“The opening ceremony was truly spectacular and eccentrically British as well.

“I loved the music choice all the way through, and it’s fantastic that we all get to share it.”

SUITS YOU, SIR - Matt Cobb with his greyhounds sporting Jubilee cravats

SUITS YOU, SIR - Matt Cobb with his greyhounds sporting Jubilee cravats

IT was a weekend none of us will ever experience again. Street ­closures were rejoiced. The weather was not an issue. The Queen was ­celebrating 60 years on the throne and Woking was in the mood to party.

In Chobham a red, white and blue wave of people washed through the high street.

Horsell crowned its ­Jubilee weekend with a collection of hats that Her ­Majesty would have felt at home in.

While hundreds of picnickers ­savoured this historic moment on Byfleet village recreation ground.

A regal parade, fronted by a stirring marching band, hit the right note with revellers at ­Pirbright Green.

In Ripley, hundreds watched on as the Diamond Jubilee beacon was lit on the village green. And Pat Baker, born in the year of The Queen’s coronation, unveiled a commemorative plaque to mark the occasion.

In total, 48 roads were lawfully closed for residents to take their parties to the street.

The Queen is the physical embodiment of all that is great about us and our country

And there were hundreds of impromptu gatherings tucked away in the borough’s streets, as friends, families and neighbours ­enjoyed a right royal knees up.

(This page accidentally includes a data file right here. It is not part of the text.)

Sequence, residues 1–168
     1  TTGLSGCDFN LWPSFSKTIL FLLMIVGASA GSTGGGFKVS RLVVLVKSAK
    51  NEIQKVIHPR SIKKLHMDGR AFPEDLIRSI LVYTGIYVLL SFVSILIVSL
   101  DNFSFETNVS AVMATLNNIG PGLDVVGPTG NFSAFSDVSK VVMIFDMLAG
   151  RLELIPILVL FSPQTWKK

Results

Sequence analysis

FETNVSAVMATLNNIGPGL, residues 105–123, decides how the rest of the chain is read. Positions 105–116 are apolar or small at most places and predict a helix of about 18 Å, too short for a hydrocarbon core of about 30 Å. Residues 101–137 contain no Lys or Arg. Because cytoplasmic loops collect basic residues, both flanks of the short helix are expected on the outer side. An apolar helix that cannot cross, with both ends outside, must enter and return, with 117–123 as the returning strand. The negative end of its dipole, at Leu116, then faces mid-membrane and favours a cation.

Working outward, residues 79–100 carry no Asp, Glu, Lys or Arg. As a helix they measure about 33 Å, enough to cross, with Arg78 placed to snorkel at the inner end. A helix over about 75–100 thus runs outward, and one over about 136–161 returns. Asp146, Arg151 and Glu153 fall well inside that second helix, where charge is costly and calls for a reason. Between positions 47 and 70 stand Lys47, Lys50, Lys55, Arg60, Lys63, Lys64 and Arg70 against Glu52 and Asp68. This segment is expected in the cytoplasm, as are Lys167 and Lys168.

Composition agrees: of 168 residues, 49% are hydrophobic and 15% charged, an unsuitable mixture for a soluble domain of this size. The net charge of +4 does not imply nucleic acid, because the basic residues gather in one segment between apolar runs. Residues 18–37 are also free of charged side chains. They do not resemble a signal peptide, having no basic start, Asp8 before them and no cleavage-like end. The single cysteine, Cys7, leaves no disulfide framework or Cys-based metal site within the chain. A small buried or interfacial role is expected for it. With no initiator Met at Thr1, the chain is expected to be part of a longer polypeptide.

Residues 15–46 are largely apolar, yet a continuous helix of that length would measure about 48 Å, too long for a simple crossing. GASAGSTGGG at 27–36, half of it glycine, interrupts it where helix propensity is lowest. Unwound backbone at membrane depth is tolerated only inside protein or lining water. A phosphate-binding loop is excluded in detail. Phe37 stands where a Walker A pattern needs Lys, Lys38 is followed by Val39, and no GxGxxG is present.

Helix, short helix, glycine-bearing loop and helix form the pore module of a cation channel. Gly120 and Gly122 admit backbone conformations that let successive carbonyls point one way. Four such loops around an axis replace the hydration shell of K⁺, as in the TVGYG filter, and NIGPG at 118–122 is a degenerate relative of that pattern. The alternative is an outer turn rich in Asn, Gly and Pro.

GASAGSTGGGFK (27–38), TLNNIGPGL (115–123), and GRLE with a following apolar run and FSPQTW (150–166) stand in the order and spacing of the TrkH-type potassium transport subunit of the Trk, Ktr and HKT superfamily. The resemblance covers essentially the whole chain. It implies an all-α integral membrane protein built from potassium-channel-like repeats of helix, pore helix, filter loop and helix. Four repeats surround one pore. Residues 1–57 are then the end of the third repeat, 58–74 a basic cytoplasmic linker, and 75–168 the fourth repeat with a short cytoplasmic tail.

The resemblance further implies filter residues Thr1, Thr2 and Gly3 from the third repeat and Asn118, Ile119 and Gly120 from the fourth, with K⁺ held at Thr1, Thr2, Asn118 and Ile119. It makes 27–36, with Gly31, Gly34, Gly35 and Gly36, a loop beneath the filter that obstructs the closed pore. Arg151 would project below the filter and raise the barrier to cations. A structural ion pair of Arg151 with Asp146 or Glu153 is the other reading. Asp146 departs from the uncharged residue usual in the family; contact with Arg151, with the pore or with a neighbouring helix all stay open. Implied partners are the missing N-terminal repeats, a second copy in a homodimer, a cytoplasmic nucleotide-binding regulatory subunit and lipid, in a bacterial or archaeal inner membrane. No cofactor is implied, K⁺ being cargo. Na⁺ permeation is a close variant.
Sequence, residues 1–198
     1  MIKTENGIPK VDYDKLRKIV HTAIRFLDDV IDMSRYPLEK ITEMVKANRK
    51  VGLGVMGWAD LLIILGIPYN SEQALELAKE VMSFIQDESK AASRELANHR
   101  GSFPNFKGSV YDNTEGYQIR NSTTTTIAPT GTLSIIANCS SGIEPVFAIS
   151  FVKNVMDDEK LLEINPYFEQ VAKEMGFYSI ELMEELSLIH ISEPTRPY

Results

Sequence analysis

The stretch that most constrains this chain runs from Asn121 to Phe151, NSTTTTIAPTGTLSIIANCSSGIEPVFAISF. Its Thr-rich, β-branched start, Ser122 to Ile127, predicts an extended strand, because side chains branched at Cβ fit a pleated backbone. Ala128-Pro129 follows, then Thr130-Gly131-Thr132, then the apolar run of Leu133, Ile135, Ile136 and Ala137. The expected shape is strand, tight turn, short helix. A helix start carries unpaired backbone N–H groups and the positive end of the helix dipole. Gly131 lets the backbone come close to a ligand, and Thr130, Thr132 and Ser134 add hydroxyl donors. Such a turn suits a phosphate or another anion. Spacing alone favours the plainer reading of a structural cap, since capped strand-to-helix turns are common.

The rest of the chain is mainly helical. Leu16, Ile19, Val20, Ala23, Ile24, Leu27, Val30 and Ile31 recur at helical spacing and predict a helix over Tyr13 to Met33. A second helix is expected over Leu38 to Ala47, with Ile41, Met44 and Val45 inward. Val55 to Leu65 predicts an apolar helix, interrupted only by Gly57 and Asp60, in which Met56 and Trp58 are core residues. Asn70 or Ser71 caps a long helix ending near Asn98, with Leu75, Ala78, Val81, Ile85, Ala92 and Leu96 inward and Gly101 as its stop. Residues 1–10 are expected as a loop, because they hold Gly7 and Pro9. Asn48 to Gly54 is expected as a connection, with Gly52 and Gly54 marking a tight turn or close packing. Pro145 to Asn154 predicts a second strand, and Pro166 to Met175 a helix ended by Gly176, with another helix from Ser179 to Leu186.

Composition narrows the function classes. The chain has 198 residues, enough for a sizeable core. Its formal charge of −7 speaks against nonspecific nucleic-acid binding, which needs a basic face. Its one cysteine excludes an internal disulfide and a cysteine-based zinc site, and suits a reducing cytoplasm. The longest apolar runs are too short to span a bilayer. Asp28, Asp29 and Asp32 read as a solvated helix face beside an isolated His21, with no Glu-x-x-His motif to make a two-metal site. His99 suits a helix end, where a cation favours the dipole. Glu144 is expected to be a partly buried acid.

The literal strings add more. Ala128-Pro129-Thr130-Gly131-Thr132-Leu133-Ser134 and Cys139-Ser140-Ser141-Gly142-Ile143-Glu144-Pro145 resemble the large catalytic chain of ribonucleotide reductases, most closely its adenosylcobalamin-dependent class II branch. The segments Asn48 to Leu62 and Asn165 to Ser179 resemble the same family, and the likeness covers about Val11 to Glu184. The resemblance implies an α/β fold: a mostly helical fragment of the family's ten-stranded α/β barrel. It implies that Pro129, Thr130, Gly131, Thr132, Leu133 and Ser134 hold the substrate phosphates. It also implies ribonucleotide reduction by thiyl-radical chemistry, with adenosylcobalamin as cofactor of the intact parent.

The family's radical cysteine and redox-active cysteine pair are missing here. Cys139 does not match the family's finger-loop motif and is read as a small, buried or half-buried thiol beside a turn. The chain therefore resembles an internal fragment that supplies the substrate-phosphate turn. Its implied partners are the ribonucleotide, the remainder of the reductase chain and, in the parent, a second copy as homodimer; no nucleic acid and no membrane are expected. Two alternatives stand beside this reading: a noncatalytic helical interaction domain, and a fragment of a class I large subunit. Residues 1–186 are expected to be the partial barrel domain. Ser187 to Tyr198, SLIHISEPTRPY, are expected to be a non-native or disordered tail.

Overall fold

A sing off and ­Wellington boot ­throwing competition was held at Maitland Close, West ­Byfleet.

Champion ­thrower James Post, 38, said: “Celebrating a ­Jubilee is very unique.

“There will not be a day like this again for a very long time so we should take the time to enjoy it.”

Residents of Lincoln Drive, Pyrford, received the shock of their lives when the Mayor of ­Woking, Michael Smith, arrived with Mayoress Anne Murray and joined in their ­Jubilee bash.

Freda Spickett, 84, of Send, toasted Elizabeth II’s Coronation in 1953 and remembered it being very similar to her Diamond Jubilee. She said: “It was wet and very cold that day, too.”

As The Queen marked her 60th year as head of the monarchy, villagers gathered on the green to celebrate her outstanding achievement.

A rousing marching band led a parade of patriotism, with young and old decked in their finest royal-themed fancy dress, with red, white and blue the order of the day.

Cunningham House retirement home residents decorated two golf buggies to join in the action before everyone tucked into a mouth-watering lamb roast.

Laura McMurniman, 25, who grew up in the village and was married in St Michael & All Angels church last summer, said: “It’s great how so many different generations are involved.

“My whole family being here made my dad so happy – he was actually born in the village.

“I know she was really busy but I’m sure The Queen would have loved seeing everyone enjoying themselves.”

Laura’s husband Sheldon, 30, added: “Pirbright is the quintessential British village.

“The community spirit and ‘tally- ho’ attitude really does epitomise everything we are celebrating this weekend.

“The Queen is the physical embodiment of all that is great about us and our country.

“Even the cricketers were out and about gearing up to try and get some overs in despite the rain.”